Sanchez stresses the uniqueness of the Cuban Revolution. The form of Cuba’s revolutionary development in the 1960s cannot be simply repeated elsewhere in Latin America today. Furthermore, Sanchez rules out any idea that Cuba’s revolution can be recreated, copied or exported to other nations, including Venezuela.
“The Cuban revolution does not aspire to be a model for other countries: its history cannot be repeated. It is not feasible to export or import revolutions as if they were merchandise”, he writes. Rather “with its own ideas and imagination, and indispensable leadership, each national community will create the forms of its own liberation and well-being”.
But Sanchez also emphasises that the Cuban experience, which compares favourably to the dire poverty and inequality existing across Latin America, still has significance for revolutionaries today and should be studied. “The Cuban example, even amid the blockade, and with all its transitory errors and defects yet to be overcome, has tremendous validity in the 21st century”, he argues.
He points to Cuba’s success against the odds in creating a fertile, flexible socialism supported by the great majority of Cubans and contrasts it to the undemocratic model of the Soviet Union, which collapsed. “Our detractors refer to the ‘Cuban dictatorship’ echoing that ‘Made in the USA’ slogan to confuse the unsuspecting”, Sanchez writes.
“The laws and decisions of the Cuban state are based on a popular consensus, without which it would have been impossible to maintain our social system under the ferocious attack of the United States. One may disagree with our political system, but nobody can deny that Cuban society is governed by constitutional norms and legitimate laws and institutions — adopted in a sovereign and democratic manner by Cubans.”
Cuba and Venezuela also includes a thorough synopsis of the crucial role Cuba has played in the success of the Venezuelan social missions. After the inspiring people’s victory over the opposition coup attempt of April 2002 and the failure of the oil industry lockout that December, the revolutionary forces led by Hugo Chavez recognised that they needed to go on the political offensive.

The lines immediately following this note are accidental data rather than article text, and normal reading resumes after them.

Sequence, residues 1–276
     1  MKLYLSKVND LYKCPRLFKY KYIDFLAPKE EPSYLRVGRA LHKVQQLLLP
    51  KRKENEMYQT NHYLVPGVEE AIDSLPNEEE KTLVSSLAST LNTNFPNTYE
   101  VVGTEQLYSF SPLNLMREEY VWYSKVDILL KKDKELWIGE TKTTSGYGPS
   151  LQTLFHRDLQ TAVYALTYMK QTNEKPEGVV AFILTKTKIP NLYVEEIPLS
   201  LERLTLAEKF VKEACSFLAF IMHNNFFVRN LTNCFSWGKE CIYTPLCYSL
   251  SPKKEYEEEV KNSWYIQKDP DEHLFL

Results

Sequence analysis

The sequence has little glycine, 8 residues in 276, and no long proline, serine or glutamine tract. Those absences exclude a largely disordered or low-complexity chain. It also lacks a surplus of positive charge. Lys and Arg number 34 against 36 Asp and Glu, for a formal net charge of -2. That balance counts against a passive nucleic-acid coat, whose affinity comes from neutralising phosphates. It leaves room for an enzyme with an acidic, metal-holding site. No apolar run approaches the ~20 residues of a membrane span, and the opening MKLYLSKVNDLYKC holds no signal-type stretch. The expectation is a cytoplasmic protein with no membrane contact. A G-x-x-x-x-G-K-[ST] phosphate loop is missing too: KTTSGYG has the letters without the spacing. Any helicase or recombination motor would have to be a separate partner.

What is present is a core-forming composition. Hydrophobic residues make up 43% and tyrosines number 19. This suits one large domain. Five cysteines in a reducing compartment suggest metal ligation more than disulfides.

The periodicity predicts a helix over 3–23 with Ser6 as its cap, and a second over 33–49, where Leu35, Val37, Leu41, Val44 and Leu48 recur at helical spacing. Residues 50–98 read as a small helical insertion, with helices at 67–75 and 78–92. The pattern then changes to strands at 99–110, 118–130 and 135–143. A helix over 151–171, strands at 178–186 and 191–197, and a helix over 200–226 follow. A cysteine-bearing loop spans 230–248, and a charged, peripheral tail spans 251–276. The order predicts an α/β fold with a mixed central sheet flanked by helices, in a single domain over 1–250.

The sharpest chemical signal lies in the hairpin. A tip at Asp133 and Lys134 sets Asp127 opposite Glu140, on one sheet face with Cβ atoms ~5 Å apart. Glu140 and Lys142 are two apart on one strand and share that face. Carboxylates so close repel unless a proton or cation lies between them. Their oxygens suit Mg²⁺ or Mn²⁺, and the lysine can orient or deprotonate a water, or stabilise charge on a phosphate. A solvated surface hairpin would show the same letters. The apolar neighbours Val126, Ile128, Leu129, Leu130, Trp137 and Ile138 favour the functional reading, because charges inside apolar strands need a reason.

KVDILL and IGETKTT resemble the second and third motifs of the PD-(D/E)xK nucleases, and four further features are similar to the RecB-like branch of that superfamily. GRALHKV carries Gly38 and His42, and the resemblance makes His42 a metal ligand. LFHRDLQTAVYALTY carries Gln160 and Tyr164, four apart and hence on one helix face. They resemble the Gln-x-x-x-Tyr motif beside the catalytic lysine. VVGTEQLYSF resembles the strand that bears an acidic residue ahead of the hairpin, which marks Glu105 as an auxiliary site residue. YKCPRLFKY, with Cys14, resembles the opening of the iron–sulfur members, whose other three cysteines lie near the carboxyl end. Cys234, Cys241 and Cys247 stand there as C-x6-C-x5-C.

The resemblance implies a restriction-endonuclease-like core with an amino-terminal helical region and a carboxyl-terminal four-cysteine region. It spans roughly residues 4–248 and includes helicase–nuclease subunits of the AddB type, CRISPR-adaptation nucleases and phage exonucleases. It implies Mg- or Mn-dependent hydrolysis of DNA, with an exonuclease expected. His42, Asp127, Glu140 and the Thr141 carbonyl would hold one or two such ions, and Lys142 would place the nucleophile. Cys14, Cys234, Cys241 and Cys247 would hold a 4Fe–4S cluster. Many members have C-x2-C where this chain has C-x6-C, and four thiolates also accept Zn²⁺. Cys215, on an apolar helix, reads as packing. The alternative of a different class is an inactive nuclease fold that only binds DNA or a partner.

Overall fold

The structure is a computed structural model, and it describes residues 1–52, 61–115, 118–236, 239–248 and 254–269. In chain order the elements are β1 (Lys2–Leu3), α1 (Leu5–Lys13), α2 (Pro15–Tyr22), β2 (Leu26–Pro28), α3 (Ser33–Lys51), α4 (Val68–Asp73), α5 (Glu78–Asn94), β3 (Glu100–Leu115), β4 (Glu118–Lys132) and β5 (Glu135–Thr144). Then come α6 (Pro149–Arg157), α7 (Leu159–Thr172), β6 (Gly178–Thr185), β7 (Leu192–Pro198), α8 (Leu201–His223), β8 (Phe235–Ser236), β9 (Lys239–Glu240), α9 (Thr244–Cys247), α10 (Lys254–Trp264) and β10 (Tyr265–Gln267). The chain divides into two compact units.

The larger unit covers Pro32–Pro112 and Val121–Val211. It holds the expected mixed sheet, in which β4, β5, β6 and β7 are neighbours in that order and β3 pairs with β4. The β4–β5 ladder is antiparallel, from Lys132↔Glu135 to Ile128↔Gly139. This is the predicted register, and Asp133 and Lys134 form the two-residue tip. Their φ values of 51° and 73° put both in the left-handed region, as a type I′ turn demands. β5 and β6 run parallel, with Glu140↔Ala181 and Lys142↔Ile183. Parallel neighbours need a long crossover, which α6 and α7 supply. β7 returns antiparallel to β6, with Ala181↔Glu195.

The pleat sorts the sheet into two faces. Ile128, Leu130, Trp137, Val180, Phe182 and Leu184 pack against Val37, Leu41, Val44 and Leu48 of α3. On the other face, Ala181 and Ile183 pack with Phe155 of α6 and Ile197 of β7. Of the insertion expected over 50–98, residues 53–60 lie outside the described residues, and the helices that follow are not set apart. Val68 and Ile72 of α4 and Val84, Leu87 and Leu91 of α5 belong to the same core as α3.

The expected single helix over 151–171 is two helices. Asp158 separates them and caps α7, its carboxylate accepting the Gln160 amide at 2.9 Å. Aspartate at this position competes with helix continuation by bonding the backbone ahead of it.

It was essential to provide a concrete improvement in the social and economic status of Venezuela’s poor majority who had so staunchly defended the Bolivarian revolution. Chavez turned to Cuba for help.
The social missions, first launched in 2003 and coordinated on a community basis by Venezuelans themselves, have provided the means to broaden support for the revolution by sharply reducing poverty. The health-focused Mission Barrio Adentro would not have been possible without the solidarity and assistance of Cuba.
Through Barrio Adentro more than 14,000 Cuban doctors, 8000 sports instructors and 3000 dentists were working in 2007 to provide free health care to 17 million poor Venezuelans. Their wages are paid by the Cuban government while the Venezuelan government meets other costs.
Cuba has also committed to train 40,000 Venezuelan doctors over the next 10 years. It is this kind of concrete solidarity that has led to the failure of the Venezuela opposition’s scare campaign against Cuba.
So does this mean Venezuela is taking the Cuban road? This question itself tends to pose the whole situation incorrectly.
Chavez himself has denied this and stated many times that the Cuban Revolution is Cuban while the Venezuelan revolution is distinctly Venezuelan.
Sanchez predicts that in the joint pursuit of constructing societies where meeting human and environmental needs is the priority, “Cuba will be become steadily more Venezuelan and Venezuelans will have Cuba much closer”.
This goal is clearly shared by Chavez, who in a meeting with Cuban leader Raul Castro in Havana in October, 2007, anticipated a future joining of the two countries into a confederation.
Ultimately, genuine socialism is impossible unless it transcends national borders and becomes an unstoppable international movement of solidarity. It’s far more appropriate to describe Cuba and Venezuela as taking the same road together towards a new socialism of the 21st century and helping each other get there step by step.
We can be sure there is a standing invitation to the working people of other nations to join them on this difficult, but essential, journey.